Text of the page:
New books on my shelfPosted: November 15, 2020
Being at home more this year has given me the gift of time. More time to paint, more time to create videos, more time to work in my neglected garden, and the gift I appreciate the most — more time to read. And that means not just catching up on novels, but also having time to crack open new art books, as well as reread old ones. Today I’ll share of a few of my recent favourites, and coming soon, a post about the ones I go back to again and again.
The Urban Sketching Handbook: Techniques for Beginners by Suhita Shirodkar Don’t be deceived by the title of this book — Suhita’s book is not just for beginners. Sketchers of all levels will find ideas in here, and who doesn’t need inspiration these days?? Suhita’s blog was one of the first sites I discovered when I was new to urban sketching. In fact it was her market sketches — so filled with life and colour — that gave me the courage to go out and sketch in public. In this book you’ll find a wealth of ideas about where to begin when sketching objects, places and people (with great examples from sketchers all over the world), but most of all you’ll find Suhita’s endless enthusiasm for exploring the world around you (or right inside your own home!) with a pen and your sketchbook.
Other recent releases in this series which I am proud to be a part of:
The Urban Sketching Handbook: Drawing with a Tablet: Easy Techniques for Mastering Digital Drawing on Location by Uma Kelkar
The Urban Sketching Handbook: 101 Sketching Tips: Tricks, Techniques, and Handy Hacks for Sketching on the Go by Stephanie Bower
The Complete Urban Sketching Companion: Essential Concepts and Techniques from The Urban Sketching Handbooks–Architecture and Cityscapes, People and Motion, Working with Color by Shari Blaukopf, Stephanie Bower and Gabi Campanario
Finding Sanctuary: An Artist Explores the Nature of Mass Audubon by Barry Van Dusen I discovered Barry Van Dusen‘s work when he commented on my blog a while back, and as soon as I found his website I had to get in touch and order his book immediately so I could study his technique close-up. This is a hardcover you will want to keep around on your coffee table and enjoy slowly. At least that’s how I’ve been reading it. Barry spent four and half years as artist-in-residence at Mass Audubon’s 61 wildlife sanctuaries and nature centers, recording his observations through sketches, watercolours and blog posts. But this book is much more than a chronicle of what he observed on his many visits to the Audubon sites. You’ll find preparatory sketches for paintings, tips on observing flora and fauna, and plenty of insights into his painting process. And each watercolour is a masterclass in colour, composition and technique. A gem of a book.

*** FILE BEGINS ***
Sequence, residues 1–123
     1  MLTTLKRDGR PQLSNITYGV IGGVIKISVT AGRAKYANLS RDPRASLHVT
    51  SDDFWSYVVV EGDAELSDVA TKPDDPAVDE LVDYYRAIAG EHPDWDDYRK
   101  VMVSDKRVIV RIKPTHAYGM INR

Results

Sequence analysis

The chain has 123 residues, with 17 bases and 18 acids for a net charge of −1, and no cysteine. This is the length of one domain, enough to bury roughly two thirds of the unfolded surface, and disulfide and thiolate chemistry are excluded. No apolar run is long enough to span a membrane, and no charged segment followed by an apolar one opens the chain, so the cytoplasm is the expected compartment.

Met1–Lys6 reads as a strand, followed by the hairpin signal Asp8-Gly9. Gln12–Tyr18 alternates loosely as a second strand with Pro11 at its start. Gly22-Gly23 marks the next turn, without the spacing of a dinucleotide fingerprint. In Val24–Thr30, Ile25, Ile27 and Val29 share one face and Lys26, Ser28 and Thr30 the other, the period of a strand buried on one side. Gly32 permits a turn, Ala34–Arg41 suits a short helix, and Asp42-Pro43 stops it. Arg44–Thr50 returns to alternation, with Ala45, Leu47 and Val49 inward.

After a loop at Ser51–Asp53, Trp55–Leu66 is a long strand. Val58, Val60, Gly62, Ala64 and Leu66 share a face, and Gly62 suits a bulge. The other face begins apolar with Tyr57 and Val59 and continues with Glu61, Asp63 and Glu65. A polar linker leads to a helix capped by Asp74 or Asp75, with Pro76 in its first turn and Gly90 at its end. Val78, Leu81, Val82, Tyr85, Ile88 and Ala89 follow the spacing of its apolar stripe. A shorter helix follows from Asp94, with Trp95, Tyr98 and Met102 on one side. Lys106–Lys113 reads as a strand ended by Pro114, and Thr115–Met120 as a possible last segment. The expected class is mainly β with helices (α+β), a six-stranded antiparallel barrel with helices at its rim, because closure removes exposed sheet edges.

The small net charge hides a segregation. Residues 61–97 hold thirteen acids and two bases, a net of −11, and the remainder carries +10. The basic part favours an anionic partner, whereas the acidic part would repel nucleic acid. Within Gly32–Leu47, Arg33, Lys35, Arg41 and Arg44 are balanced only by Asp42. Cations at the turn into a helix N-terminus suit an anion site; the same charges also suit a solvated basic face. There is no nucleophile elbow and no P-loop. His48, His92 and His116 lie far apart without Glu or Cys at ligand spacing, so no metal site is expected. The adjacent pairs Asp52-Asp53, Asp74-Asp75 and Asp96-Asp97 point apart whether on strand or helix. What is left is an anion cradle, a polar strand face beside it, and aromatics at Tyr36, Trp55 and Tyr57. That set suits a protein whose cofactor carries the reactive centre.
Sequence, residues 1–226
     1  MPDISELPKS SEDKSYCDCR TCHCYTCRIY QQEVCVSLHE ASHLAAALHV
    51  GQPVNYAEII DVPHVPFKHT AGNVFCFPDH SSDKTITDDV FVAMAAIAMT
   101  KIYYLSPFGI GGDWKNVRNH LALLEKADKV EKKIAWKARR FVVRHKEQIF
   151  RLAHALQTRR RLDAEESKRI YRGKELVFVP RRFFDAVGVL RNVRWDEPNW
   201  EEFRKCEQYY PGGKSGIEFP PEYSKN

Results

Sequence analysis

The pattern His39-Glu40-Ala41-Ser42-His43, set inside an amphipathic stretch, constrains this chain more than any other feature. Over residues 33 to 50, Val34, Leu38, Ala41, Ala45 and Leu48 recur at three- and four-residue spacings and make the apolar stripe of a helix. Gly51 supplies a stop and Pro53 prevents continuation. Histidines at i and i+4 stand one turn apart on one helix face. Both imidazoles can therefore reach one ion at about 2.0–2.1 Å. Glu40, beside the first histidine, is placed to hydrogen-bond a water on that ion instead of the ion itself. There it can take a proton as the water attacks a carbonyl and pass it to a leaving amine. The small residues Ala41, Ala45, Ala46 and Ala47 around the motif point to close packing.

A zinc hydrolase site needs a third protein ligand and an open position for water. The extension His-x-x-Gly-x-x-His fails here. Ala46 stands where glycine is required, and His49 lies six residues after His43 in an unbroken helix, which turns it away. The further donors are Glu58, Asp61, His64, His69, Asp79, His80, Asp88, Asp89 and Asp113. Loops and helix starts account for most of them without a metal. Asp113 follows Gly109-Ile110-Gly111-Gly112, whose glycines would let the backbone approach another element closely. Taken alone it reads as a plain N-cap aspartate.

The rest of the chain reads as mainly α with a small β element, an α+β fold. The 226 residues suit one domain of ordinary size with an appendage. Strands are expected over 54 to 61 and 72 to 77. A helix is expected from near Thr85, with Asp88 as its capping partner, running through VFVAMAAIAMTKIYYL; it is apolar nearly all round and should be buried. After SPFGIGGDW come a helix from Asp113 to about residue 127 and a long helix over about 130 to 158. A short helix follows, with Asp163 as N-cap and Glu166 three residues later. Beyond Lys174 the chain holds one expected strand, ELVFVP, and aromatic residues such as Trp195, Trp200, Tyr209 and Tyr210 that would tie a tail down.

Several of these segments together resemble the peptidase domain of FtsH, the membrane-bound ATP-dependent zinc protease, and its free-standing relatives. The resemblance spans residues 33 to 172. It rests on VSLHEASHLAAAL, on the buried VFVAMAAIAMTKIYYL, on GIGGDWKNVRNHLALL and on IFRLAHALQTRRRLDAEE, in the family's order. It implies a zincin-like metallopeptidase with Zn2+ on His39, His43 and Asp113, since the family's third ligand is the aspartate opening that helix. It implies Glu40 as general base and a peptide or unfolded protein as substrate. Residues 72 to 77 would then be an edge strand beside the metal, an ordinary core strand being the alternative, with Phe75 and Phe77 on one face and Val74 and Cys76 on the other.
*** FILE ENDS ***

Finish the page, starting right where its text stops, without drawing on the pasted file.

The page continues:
The Nature Explorer’s Sketchbook by Jean Mackay I have been enjoying Jean Mackay’s blog for many years. If you don’t know her work by now, have a look. On her sketchbook pages and in her blog posts, you’ll find not only her keenly recorded nature sketches (birds, nests, eggs, feathers) but also elegant hand-lettered descriptions and titles, as well as tips and techniques for creating your own sketchbook pages. I was so excited to see the recent launch of Jean’s book The Nature Explorer’s Sketchbook. Geared for ages 10+, it invites kids to begin a lifelong journey of nature exploration with ideas, tips, and plenty of space to sketch. Perfect timing for the holidays, right?
Capturer l’âme d’un lieu par la forme et la couleur à l’aquarelle by Marion Rivolier I received Marion Rivolier’s book in the mail a few weeks ago, and as soon as I had a look at it, I realized it was a labour of love. Do you know her work? If not, have a look. She paints in direct watercolour — no pen or pencil to start — and if you’ve ever tried that technique you’ll understand what a challenge that is and why I’m in awe of her bold on-location sketches. I’ve met her many times at Urban Sketchers symposia, taken a workshop with her in Chicago and still, her strong and colourful way of painting and the way she marries warm and cold dark colours with warm and cold light colours remains a mystery to me. I have to admit, this is going to be a slower read for me because it’s in French, but I’m looking forward to reading, learning and hopefully experimenting with her ideas.